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Electroconvulsive Treatment (ECT)

Caring for someone with mental illness

People spoke about what it was like to care for someone who was experiencing severe mental health problems: how the work of caring for someone was sometimes hard and unending, but also how hard it could be seeing someone they cared for in distress (see also ‘Suicide and self harm’).

Whilst some people had only cared for their family member in times of crisis, others constantly cared for someone who was vulnerable or distressed and being a carer meant different things to different people.
 

Sheila’s whole life was tied into what her husband wanted to do. Every day was unpredictable as her husband’s health varied. She just wanted him to enjoy a normal life.

Sheila’s whole life was tied into what her husband wanted to do. Every day was unpredictable as her husband’s health varied. She just wanted him to enjoy a normal life.

Age at interview: 64
Sex: Female
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So yes it’s, my life every day, I don’t know what’s going to happen. It depends on how he’s feeling, if he’s going to come out, if I’m going to take him somewhere or he just wants to come home, because I never know from day to day. I’ve spoken to him this morning. He might come out this afternoon for a little while he says. But I won’t know until I get a call from him, “Oh I’m going to stay here today I can’t come out.” Or, “Will you pick me up for a couple of hours.” You know, so it has affected my life completely. I feel that he’s still controlling my life really, which isn’t you know, I don’t know, if I should feel like that, but then I think well, as he’s been told well you’re lucky that you’ve got the support that you have. And I said to him if I was going to leave him I’d have left him years ago [laughs]. Not, not now, you know, because I’m in it with him as well and I want him to get better, so that we can just enjoy a normal life even if we never go big holidays or anything. I’m not bothered about that. It’s just even taking him up the zoo or doing ordinary things that people do as families.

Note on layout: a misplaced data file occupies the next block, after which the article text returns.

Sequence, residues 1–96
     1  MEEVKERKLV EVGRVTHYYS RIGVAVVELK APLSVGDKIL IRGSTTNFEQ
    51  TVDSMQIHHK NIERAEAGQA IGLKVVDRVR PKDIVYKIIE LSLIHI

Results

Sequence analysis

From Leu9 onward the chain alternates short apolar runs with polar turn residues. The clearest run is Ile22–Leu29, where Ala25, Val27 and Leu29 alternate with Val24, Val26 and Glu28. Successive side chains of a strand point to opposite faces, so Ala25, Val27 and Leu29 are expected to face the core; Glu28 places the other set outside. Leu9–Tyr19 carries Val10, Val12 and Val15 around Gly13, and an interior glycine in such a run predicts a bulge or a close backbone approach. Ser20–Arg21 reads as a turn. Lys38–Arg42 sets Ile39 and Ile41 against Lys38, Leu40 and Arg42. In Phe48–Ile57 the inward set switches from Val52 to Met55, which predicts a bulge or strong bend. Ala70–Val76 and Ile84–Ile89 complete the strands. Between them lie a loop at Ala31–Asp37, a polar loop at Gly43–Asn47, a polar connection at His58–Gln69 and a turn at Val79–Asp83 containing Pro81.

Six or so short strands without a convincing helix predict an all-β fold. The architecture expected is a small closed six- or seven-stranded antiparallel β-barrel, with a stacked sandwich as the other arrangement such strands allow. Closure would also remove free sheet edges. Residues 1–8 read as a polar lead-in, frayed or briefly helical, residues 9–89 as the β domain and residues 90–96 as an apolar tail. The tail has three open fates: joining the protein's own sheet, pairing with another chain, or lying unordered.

Steve said he didn’t really consider himself a carer, more a husband.

Steve said he didn’t really consider himself a carer, more a husband.

Age at interview: 60
Sex: Male
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You described yourself now as a carer?

Hm.

Would you the first time when you were getting advice of your wife’s parents, and your wife’s first admission, have described yourself as a carer then?

No. And it’s only recently I’ve been, I’m calling myself a carer, because my wife’s psychiatrist and the local MIND group have referred to me as a carer. I never really considered myself to be a carer. She’s my wife, my partner, and that’s just part of, that’s just the way life is, you know, and I know it’s a corny thing wedding vows, but sickness and health, I mean it could have been me. And you know, it’s just the way it is and she’s the one now and again with the illness and when she has the illness then I try and you know, do what I can to not so much look after her, but just juggle the other things that have to be done when she’s not here. So I don’t really see myself as a carer and it’s only recently that I’ve started using that term I suppose. 
 

Alka managed her husband’s moods through imposing routines and noticed when he started to become unwell. She said that the dynamic of her and her husband’s relationship had changed completely because of his illness.

Alka managed her husband’s moods through imposing routines and noticed when he started to become unwell. She said that the dynamic of her and her husband’s relationship had changed completely because of his illness.

Age at interview: 50
Sex: Female
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So yes the dynamic of the relationship has changed. In terms of managing it I think that we have contact with the doctors when he’s not very well and obviously we manage the illness but in terms of day to day life that’s down to me. I’m, ensure, I think, and this is a way that I found, found that it works for us is that it’s a very regimented lifestyle, so regular bedtimes, regular activities and if we do have contact with people I try and kind of get [husband’s name] to withdraw before everything gets, he, he can get very excitable because he’s quite a gregarious person anyway but it’s knowing where to draw the line I think, if I were to leave him to it the chances are, you know, he’d kind of go over the top in terms of similar behaviour to that which, which happened, you know, during one of his hyper-manic kind of episodes.